Inside centre Harumichi Tatekawa was causing problems with his multiple touches in midfield, carrying with both hands and keeping the Tahs’ defence guessing. And when they shifted it wide for Hendrik Tui to straighten, Mason’s tackle was enough to halt the flanker’s progress, but not to prevent the offload around the back of Alex Newsome to Dan Pryor, and the Sunwolves captain put Masirewa away for his opener.
The visitor’s prowess was paid due compliment when Michael Hooper pointed to the posts from the next kickable penalty, and Mason reduced the arrears to 17-15 at the break. But with the Sunwolves’ linespeed forcing them sideways and backwards, they were reverting to the benign attack that had blighted their start to the season before last week’s heroics over the reigning champions.
A botched take from the restart wasn’t the way NSW wanted to set the tone for the second half either. But after a bit of tit-for-tat in the middle of the park, a lovely looping pass out wide from Rob Simmons and good footwork from Newsome, soon had them on the front-foot. And when it was sent back along the line to the left, Hooper was on hand to lead by example when he powered his way to the chalk despite the attentions of three red jerseys.
But this Sunwolves side simply don’t go away, and lineout ball off the top and a defence that couldn’t slide quickly enough after Beale shot out of the line and missed his target, was punished in some style by Masirewa.
The Fijian-born speedster took a pop pass from Parker to carve a swathe through a blue wall suddenly missing a few bricks, going nearly 60 metres before finishing with an acrobatic dive to the corner for his double. But when he then pounced on another pass to the floor from the luckless Mason to race under the posts for his hat-trick two minutes later, the Waratahs’ version of rugby hara-kiri was in full swing.
The flawless boot of Parker added both conversions – make that 32 in a row – to open up a 31-22 lead with just over 25 minutes remaining. But NSW head coach Daryl Gibson had seen enough, Mason spared any further blushes with an early exit and Lalakai Foketi on at 13.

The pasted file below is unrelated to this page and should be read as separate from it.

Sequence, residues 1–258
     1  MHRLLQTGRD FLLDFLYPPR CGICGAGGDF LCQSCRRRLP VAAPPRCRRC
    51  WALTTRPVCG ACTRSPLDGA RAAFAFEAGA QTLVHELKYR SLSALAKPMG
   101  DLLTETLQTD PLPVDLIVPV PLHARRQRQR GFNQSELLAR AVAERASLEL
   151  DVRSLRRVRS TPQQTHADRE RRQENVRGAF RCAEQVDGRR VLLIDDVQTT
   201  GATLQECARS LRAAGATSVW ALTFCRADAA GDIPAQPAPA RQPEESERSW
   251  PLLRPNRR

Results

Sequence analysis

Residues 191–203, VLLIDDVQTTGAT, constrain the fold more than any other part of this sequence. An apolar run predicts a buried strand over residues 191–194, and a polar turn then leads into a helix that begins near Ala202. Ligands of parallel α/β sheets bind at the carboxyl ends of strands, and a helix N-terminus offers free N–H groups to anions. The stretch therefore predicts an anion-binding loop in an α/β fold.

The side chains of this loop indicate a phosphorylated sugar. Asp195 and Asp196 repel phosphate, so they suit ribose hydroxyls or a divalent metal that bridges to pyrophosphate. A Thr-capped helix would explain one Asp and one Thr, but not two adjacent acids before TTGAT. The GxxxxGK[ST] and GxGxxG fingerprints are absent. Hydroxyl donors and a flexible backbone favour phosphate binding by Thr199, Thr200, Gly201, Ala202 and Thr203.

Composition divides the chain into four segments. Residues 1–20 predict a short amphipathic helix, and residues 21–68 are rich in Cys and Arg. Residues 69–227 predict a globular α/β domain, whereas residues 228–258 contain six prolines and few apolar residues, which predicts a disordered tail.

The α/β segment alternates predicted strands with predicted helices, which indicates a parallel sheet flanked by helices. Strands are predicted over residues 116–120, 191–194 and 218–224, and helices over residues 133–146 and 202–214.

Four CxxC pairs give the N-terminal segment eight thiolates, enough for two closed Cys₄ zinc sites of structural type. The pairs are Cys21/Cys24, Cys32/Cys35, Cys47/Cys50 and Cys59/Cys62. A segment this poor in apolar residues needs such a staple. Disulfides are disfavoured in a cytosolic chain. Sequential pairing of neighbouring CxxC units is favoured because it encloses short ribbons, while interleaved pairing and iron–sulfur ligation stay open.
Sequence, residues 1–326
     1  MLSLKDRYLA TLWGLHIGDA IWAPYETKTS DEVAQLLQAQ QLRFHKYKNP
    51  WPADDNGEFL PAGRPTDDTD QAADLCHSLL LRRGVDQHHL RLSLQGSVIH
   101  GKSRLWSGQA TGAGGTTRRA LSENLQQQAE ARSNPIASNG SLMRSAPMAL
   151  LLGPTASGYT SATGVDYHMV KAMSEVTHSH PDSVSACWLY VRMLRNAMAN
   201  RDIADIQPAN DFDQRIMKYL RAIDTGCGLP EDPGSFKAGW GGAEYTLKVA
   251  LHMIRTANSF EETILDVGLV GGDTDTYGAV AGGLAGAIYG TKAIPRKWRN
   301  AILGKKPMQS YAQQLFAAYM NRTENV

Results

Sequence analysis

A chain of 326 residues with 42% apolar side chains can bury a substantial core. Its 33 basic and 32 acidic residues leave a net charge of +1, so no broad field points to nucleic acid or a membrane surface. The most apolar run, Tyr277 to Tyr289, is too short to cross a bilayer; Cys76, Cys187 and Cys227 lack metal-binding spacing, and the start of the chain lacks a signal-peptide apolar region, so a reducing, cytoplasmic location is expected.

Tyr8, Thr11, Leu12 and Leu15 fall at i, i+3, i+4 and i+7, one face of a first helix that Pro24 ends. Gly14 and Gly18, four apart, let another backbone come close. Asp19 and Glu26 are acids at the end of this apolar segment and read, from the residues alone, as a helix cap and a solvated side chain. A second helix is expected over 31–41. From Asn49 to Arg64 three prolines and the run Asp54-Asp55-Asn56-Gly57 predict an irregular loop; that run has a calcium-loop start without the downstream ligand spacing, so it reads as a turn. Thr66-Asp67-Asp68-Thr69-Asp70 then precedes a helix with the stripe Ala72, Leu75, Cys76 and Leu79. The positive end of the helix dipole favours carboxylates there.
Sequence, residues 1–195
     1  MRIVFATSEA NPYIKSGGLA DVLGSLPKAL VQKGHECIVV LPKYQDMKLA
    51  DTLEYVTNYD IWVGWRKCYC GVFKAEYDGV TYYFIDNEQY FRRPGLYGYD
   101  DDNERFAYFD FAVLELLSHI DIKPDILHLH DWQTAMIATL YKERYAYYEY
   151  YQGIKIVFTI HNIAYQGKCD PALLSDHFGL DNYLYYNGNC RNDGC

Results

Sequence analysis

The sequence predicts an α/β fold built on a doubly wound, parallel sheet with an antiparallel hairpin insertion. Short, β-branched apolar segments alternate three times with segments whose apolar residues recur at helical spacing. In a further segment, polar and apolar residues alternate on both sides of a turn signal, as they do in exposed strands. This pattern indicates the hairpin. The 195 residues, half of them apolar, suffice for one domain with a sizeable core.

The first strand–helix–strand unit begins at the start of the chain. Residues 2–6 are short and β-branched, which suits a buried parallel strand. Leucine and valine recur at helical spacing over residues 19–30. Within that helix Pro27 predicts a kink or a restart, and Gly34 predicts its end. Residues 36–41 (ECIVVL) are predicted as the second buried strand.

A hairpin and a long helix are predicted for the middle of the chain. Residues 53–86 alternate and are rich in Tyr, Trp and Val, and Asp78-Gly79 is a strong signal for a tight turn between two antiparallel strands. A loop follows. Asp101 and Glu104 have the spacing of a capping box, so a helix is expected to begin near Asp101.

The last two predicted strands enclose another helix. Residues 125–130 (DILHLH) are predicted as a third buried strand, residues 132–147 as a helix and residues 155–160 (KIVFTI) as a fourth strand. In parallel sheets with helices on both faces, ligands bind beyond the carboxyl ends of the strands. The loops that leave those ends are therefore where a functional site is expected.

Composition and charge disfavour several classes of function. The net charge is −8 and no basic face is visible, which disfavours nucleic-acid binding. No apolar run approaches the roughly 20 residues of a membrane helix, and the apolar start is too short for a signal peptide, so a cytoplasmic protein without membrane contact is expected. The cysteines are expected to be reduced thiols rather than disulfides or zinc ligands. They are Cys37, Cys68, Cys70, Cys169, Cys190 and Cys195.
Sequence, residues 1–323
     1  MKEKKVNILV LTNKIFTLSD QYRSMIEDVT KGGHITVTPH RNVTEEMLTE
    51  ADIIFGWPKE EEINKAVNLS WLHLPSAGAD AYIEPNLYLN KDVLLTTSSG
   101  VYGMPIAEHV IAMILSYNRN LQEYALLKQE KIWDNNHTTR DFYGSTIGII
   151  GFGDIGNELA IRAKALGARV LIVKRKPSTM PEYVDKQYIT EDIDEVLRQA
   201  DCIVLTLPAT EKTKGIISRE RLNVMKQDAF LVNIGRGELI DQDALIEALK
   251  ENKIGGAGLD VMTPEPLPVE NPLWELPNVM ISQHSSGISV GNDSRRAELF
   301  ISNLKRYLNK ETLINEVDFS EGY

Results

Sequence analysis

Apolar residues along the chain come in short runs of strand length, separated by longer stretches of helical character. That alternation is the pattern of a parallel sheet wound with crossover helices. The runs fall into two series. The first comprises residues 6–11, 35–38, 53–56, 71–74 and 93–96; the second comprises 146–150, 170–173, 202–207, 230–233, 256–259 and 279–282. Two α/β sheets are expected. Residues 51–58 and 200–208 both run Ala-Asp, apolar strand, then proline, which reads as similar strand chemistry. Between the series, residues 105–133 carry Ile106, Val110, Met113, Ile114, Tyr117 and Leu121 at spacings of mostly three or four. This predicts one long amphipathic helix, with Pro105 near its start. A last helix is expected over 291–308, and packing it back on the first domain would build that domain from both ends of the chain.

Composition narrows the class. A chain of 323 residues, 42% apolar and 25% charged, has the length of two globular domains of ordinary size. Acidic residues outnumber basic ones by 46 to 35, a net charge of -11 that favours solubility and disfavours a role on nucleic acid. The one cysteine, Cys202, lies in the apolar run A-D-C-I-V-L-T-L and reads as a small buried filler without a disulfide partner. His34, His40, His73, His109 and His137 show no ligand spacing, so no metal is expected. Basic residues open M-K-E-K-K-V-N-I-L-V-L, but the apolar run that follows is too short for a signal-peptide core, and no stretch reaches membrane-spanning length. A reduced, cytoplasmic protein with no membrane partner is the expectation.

That meant the largely invisible Karmichael Hunt moved into 12, and the experienced Beale took the reins at 10. But let’s not burn Mason after one bad game. He’s shown more than enough in both the Shute Shield and NRC to suggest he’s a talent worth persevering with. He just needs more game time at this level.
Beale almost concocted a five-pointer with his first powerplay, kicking in behind for himself but outdone by the unpredictable physics of a spinning rugby ball. But the stand-in pivot didn’t take long to get on the scoresheet, a quick tap penalty and a swerve of the hips enough to catch the Sunwolves napping.
With renewed momentum, the fresh impetus of Jake Gordon, Tom Staniforth, Rory O’Connor and Chris Talakai from the bench, and 12 minutes still left on the clock, you still had the feeling the Waratahs would find something from somewhere, to rescue themselves from the brink of disaster.
But when you’ve got the usually impeccable Folau needlessly throwing the ball straight into opposition arms instead of taking the tackle, Ned Hanigan conceding an equally unnecessary penalty with the Sunwolves under pressure inside their 22, and Foketi throwing a forward pass to his outside runner – all in the space of a couple of minutes – the uncomfortable feeling that this was going to be ‘one of those nights’ was beginning to spread around the McDonald Jones Stadium.
To their credit the Sunwolves played out the closing stages perfectly, with some bloody frustrating but undoubtedly smart gamesmanship at scrumtime running down the clock. And when the siren sounded and Parker smashed the ball into the stands, it signalled the Tokyo-based side’s first win on Australian soil, just their second ever win outside Japan, and perhaps, just perhaps, the metaphorical extension of a rather large index finger in the direction of SANZAAR.
SUNWOLVES 31 (Semisa Masirewa 3, Grant Hattingh tries; Hayden Parker 4 cons, pen) defeated NSW WARATAHS 29 (Nick Phipps, Cam Clark, Michael Hooper, Kurtley Beale tries; Mack Mason 2 cons, pen, Kurtley Beale con) HT 15-17 at McDonald Jones Stadium, Newcastle